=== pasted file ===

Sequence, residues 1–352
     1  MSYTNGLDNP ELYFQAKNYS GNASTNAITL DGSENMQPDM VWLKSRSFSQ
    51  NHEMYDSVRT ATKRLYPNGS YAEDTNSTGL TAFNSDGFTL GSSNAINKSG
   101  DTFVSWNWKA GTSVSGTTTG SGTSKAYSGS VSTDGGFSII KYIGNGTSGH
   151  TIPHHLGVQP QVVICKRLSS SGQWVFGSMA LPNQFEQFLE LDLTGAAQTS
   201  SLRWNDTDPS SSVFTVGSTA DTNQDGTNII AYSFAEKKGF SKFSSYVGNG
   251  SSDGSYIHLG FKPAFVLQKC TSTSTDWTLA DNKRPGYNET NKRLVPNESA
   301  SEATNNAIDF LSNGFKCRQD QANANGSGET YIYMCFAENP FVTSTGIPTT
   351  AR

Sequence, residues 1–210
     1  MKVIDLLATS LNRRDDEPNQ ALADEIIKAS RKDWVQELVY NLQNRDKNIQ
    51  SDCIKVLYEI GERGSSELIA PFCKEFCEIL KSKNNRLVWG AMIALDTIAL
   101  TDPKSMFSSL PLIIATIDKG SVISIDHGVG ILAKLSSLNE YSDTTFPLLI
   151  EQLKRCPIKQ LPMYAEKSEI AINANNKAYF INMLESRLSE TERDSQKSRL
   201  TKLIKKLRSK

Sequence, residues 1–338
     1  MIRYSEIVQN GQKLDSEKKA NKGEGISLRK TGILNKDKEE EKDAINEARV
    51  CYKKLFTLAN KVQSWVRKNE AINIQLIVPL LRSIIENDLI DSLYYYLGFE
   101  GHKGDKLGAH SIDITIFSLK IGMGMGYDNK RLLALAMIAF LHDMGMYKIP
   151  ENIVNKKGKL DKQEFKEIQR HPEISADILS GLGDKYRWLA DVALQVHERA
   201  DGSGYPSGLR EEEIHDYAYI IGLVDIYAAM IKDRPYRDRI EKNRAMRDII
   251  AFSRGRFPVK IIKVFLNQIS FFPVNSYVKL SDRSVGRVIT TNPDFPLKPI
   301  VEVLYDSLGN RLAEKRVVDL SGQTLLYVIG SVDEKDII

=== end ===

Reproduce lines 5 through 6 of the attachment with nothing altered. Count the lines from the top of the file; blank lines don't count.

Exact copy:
   151  TIPHHLGVQP QVVICKRLSS SGQWVFGSMA LPNQFEQFLE LDLTGAAQTS
   201  SLRWNDTDPS SSVFTVGSTA DTNQDGTNII AYSFAEKKGF SKFSSYVGNG